British academic boycott of Israel gathers pace
British academics have delivered a series of snubs to their Israeli counterparts since the idea of a boycott first gained ground in the spring. Colin Blakemore, an Oxford University professor of physiology, who supports a boycott, said: "I do not know of any British academic who has been to a conference in Israel in the last six months." Oren Yiftachel, a leftwing Israeli academic at Ben Gurion University, complained that an article he had co-authored with a Palestinian was initially rejected by the respected British journal Political Geography . Paul Zinger, outgoing head of the Israeli Science Foundation, said: "Every year we send most of our research papers abroad for reference. We send out about 7,000 papers a year. This year, for the first time, we had people writing back, about 25 of them, saying 'We refuse to look at these'."
Academics warn against stricter bioscience vetting
Senior academics reacted defensively yesterday to calls from MPs to consider mandatory controls over biotechnical research in universities and research institutions. The call for a stricter regime, possibly with a new regulatory authority, is made in a Commons foreign affairs committee report on biological weapons. Diana Warwick, chief executive of Universities UK, said academics recognised the importance of national security. But she said the way forward lay in refining, not scrapping, the existing vetting scheme whereby universities voluntarily refer details of suspect students or sensitive courses to the Foreign Office for further checking by the intelligence and security services.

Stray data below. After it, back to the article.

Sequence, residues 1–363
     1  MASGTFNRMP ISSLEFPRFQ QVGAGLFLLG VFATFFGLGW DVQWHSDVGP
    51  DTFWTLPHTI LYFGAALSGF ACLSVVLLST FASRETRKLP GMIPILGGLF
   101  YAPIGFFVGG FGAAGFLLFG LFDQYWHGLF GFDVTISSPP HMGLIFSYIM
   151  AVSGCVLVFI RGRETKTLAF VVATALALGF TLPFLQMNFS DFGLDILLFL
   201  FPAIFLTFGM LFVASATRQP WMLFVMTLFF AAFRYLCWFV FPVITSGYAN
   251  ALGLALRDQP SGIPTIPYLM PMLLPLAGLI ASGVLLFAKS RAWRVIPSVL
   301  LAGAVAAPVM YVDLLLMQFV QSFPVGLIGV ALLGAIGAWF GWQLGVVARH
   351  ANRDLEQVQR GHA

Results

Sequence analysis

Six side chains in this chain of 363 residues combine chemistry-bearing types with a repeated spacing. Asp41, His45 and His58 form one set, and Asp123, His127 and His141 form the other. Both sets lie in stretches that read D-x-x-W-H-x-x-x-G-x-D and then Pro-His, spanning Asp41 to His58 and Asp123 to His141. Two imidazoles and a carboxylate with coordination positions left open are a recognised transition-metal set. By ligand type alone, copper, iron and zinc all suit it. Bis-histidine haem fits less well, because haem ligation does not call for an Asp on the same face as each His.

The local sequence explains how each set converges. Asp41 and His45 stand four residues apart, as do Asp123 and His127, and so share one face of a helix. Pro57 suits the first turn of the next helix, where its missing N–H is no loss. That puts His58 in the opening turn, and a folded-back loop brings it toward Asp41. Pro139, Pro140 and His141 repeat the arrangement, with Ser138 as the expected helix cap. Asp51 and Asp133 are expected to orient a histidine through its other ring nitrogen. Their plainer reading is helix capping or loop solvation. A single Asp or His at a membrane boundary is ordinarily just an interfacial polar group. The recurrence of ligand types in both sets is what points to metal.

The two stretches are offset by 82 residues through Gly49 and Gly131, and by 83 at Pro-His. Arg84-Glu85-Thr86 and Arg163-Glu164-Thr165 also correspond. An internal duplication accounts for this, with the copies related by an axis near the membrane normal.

Clarke in attack on grammar schools
Education secretary Charles Clarke signalled plans to mount a renewed government attack on grammar schools yesterday and gave a clear indication that students will have to repay higher university tuition charges in a form of graduate tax. He urged local education authorities with selective schools to examine "self-critically" whether the 11-plus was harming the drive to raise education standards generally.
(Times, Guardian, Daily Mail)
Cash warning over museums
Museums that recently introduced free entry are not receiving enough public funding to cover the resulting surge in visitor numbers, the government was warned yesterday. The criticism came in the Commons select committee report on museums and galleries. The committee also said that university art collections, which are largely free to the public, should not have to pay VAT. National museums and galleries are exempt from the tax.
(Financial Times, Times)
French white wine can be taken as red
Wine lovers who prefer white to red can raise a glass to their good health at last. French scientists have developed a Chardonnay with all the beneficial properties of a claret. The Paradoxe Blanc 1999, created by oenologists at the University of Montpellier, is described as light and fruity, with hints of mint and apricot. It is much higher than usual whites in polyphenols - the antioxidants, abundant in reds, that are thought to protect the heart.
(Times, Daily Mail, Daily Telegraph, Independent)